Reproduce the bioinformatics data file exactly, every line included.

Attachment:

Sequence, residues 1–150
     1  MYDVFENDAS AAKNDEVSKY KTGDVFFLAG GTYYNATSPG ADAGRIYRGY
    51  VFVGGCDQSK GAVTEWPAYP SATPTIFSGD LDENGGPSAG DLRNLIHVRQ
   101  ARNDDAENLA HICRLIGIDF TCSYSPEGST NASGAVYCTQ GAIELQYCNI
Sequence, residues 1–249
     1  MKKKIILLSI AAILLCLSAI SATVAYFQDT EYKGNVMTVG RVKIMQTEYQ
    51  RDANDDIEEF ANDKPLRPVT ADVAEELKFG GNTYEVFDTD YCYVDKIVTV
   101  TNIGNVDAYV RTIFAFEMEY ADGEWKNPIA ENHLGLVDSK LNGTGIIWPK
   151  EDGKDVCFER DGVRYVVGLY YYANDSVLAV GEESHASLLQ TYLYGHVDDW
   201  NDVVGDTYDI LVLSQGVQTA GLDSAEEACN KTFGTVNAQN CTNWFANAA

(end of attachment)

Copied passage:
Sequence, residues 1–150
     1  MYDVFENDAS AAKNDEVSKY KTGDVFFLAG GTYYNATSPG ADAGRIYRGY
    51  VFVGGCDQSK GAVTEWPAYP SATPTIFSGD LDENGGPSAG DLRNLIHVRQ
   101  ARNDDAENLA HICRLIGIDF TCSYSPEGST NASGAVYCTQ GAIELQYCNI
Sequence, residues 1–249
     1  MKKKIILLSI AAILLCLSAI SATVAYFQDT EYKGNVMTVG RVKIMQTEYQ
    51  RDANDDIEEF ANDKPLRPVT ADVAEELKFG GNTYEVFDTD YCYVDKIVTV
   101  TNIGNVDAYV RTIFAFEMEY ADGEWKNPIA ENHLGLVDSK LNGTGIIWPK
   151  EDGKDVCFER DGVRYVVGLY YYANDSVLAV GEESHASLLQ TYLYGHVDDW
   201  NDVVGDTYDI LVLSQGVQTA GLDSAEEACN KTFGTVNAQN CTNWFANAA